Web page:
According to Boothe, student debt isn’t the only economic problem that is affecting students.
“I think that the UW System is in a particularly tough place, because it kind of seems that our legislators aren’t valuing higher education like college students are,” Boothe said. “We see budget cuts, and that really hurts students in the long run as well.”
Dudzinski shared his advice on how students can make their college experience as cheap as possible.
“When you’re trying to figure out how to make this work, the cheapest way to get through this experience is to get out quickly,” Dudzinski said. “Plan it out ahead of time, know what you’re going for, keep your nose to the grindstone and get out in four years.”
Dudzinski also gave advice about how students can complete their college education quickly.
“I have a very odd suggestion which is during the semester, don’t work,” Dudzinski said. “While debt is scary, you come out ahead to take out a little bit of debt while you’re in college and focus on your academics.”
Leavitt added that working while in college is not helpful in the long run.
“We have a lot of students who drop in and out of college frequently,” Leavitt said. “They go out, make money for a while, they come back. I don’t think that’s actually the most efficient way to go to college, and it’s certainly not the cheapest.”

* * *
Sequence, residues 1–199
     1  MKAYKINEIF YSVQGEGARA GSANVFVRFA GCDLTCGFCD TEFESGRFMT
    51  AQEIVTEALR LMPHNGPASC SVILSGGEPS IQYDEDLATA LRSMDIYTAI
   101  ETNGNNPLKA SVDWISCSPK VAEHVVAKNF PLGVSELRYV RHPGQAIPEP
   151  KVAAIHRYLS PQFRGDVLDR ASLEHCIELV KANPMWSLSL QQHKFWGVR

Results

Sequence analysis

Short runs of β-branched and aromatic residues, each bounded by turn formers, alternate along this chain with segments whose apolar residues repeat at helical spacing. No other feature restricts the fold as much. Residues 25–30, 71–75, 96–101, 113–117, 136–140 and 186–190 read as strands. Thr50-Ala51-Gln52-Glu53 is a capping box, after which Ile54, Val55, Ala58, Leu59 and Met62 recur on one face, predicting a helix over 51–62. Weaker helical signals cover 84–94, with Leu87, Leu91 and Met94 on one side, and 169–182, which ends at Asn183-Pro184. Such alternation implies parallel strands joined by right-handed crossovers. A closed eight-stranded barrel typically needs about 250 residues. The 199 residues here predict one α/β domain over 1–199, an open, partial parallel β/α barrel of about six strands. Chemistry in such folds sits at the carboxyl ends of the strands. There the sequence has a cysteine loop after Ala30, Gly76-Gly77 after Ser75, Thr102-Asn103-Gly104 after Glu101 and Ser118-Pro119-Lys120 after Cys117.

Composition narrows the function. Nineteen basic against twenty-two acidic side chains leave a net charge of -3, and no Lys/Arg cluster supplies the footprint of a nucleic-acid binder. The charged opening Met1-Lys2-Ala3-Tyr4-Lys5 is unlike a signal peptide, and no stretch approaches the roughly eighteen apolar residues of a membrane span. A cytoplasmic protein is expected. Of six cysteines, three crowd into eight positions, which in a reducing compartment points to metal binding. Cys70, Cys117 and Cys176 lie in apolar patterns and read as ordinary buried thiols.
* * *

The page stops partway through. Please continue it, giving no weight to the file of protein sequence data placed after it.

Cathey shared his own advice for students who are paying for college.
“The biggest thing is to keep your GPA up, because we have different scholarships, loans and grants,” Cathey said. “Your GPA really dictates the level of scholarship or grant that you can have.”
Cathey added that being prepared for college is an important part of handling education.
“It’s all about preparedness, and that first semester is very critical,” Cathey said.
Cathey said there are different ways for students to tweak the system and make their education cheaper.
“Sometimes it’s smarter to go to a two-year school for a specific degree rather than to prolong it and to go four years, or it’s smarter to go and to get your associate’s and then to go back for your bachelor’s,” Cathey said.
Leavitt also said attending a two-year school is a smart idea.
“Going to a two-year campus first is a wonderful way to go to college,” Leavitt said. “It’s a terrific way to go to college if family finances is the issue.
“I think everyone thinks it’s not cool to go to your local college,” Dudzinski said. “It’s also not cool to be paying off your student loans when you’re 45. If you can go to the two-year, you can save a ton of money there. It really just puts you a lot further ahead.”
Leavitt said having a college education is worthwhile no matter what degree you go for.
“There is no such thing as a worthless college degree,” Leavitt said. “All degrees have merit, all degrees have value.”
Dudzinski recommended that students choose their career based on passion, not pay.
“When you’re looking at the economic side of it, there’s probably some majors that just predispose you for a higher starting salary,” Dudzinski said. “But your work is going to fill up a large part of your life, and boy, would it be a depressing life to work for that entire time and not enjoy what you do. If you don’t love what you’re doing, then it’s just not going to be a very good life.”